Total SWD finds per week

Week ending # positive sites this week Average # flies per positive trap # flies total this week
July 5
0
0
0
July 12
4
1.25
5
July 19
9
2.89
26
July 26
29
3.14
154
Aug 2
42
11.25
956
Aug 9
42
10.22
1104
Aug 16
50
56.02
7619
Aug 23
51
92.53
12677
Aug 31
48
123.48
17287
Sept 6
36
114.42
12815
Sept 13*
22
57.14
7999

*samples still being processed for this week

Summary of counties where SWD has been found - 2013

510: Southwestern Ontario
County/region # sites monitored # sites positive in 2013
Essex
12
10
Kent
5
4
Lambton
1
1
Elgin
2
1
Middlesex
2
2
Oxford
3
3
Norfolk
8
8
Brant
2
2
Waterloo
1
1
Grey
2
2
Wellington
1
1
Huron
1
1

705: Northern and Central Ontario
County/region # sites monitored # sites positive in 2013
Simcoe
1
1
Peterborough
1
0
Temiskaming
1
1

905: South Central Ontario
County/region # sites monitored # sites positive in 2013
Haldimand
1
1
Niagara
8
8
York
2
2
Halton
1
1
Durham
2
2

613: Eastern Ontario
County/region # sites monitored # sites positive in 2013
Prince Edward
3
3
Northumberland
1
1
Frontenac
1
1
Ottawa-Carleton
3
3
Stormont, Dundas, Glengarry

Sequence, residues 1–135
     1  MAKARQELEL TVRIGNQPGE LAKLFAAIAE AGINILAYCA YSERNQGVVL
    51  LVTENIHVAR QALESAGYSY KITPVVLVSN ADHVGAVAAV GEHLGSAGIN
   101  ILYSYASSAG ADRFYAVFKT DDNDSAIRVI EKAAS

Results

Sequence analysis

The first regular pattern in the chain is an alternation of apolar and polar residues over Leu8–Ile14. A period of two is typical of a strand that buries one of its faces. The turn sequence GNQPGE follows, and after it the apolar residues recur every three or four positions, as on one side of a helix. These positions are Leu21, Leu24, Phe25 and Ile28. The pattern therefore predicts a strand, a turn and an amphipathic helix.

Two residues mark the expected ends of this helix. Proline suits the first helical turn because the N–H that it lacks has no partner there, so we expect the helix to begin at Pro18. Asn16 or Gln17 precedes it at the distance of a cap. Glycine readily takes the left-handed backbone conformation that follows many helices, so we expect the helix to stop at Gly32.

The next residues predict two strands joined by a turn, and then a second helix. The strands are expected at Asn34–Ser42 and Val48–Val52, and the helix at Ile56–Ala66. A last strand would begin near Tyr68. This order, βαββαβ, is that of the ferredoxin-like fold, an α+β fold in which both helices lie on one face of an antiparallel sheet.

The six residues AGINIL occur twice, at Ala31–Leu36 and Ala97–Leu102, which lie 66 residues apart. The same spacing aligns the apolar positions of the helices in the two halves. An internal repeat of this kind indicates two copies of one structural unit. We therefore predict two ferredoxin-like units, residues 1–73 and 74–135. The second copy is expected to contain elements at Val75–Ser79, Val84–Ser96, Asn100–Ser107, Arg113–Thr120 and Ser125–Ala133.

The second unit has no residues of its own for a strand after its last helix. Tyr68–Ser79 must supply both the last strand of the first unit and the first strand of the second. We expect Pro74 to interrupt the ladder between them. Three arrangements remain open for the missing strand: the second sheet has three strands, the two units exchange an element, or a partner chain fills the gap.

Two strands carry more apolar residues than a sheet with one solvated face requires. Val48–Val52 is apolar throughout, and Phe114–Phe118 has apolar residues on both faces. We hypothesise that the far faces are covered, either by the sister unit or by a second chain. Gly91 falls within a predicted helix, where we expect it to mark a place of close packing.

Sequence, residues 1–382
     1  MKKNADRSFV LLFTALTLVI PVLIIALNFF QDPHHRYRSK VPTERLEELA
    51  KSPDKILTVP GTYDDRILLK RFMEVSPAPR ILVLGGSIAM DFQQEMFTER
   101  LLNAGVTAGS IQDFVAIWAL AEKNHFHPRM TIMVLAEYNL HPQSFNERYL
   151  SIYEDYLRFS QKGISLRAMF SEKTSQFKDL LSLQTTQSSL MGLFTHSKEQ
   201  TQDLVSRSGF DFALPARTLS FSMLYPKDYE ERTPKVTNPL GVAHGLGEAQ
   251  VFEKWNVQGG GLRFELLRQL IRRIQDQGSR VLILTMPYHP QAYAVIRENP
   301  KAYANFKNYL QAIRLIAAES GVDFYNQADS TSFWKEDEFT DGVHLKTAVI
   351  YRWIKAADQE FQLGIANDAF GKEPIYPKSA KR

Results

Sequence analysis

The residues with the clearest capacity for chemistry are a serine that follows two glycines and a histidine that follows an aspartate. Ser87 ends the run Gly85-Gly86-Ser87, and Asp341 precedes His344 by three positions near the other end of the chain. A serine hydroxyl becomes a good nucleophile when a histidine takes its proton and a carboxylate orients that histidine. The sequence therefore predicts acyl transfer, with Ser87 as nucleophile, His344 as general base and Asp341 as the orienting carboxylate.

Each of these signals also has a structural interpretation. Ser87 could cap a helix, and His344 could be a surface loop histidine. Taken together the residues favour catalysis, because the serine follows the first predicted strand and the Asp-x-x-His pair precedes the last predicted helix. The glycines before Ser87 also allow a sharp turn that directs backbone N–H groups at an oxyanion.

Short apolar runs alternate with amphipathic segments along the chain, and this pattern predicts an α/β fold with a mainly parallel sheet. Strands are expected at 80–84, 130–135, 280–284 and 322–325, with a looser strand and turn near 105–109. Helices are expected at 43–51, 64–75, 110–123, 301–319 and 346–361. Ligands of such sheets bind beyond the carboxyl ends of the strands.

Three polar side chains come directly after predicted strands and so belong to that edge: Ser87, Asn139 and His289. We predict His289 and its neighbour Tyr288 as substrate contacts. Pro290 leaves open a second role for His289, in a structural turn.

1
1

Totals
66
61

Previous Weeks in 2013

September 13 - We are monitoring at over 65 sites across Ontario. To date, SWD adults have been captured at 60 sites. The first capture was on July 9th in Norfolk county. One male was found in a trap located in sweet cherries. Over the next couple of weeks, many new sites were found in the southwestern and south central Ontario.

First finds by region:

  • Southwestern ON: July 9th
  • South central ON: July 15th
  • Eastern ON: July 24th
  • Central ON: July 29th
  • Northern ON: Sept 3rd
After the initial find in early July, the average number of flies being trapped remained low (10 or less per positive trap) until the middle of August. In the week of August 17th, average number of flies caught per trap jumped significantly from 10 adults to just under 60 adults. This number has continued to increase each week and the average for the week ending August 30th was up to 130 adults per positive trap.
Early in the season the highest numbers of adults were being trapped in wild hosts around field edges, and in summer raspberries. As the season progressed, more fruit became susceptible and numbers began increasing in other berries, including blueberries, strawberries, and elderberries. There was also an increase in some tree fruit such as cherries and peaches, especially when fruit

September 4, 2013 - Spotted wing drosophila is present throughout Ontario and all growers with susceptible crops should be taking steps to control this pest. As the season progresses, SWD populations are continuing to build up, placing susceptible crops at higher risk for infestation.

We are currently monitoring at over 60 sites and have found SWD at 55 locations. Trap catches are increasing to extremely high numbers (>100) at many sites.

Blueberry harvest has ended early at some locations because of poor fruit quality due to SWD.

In addition to weekly insecticide sprays for this pest, fall-bearing raspberry growers should be very diligent about frequent and thorough harvest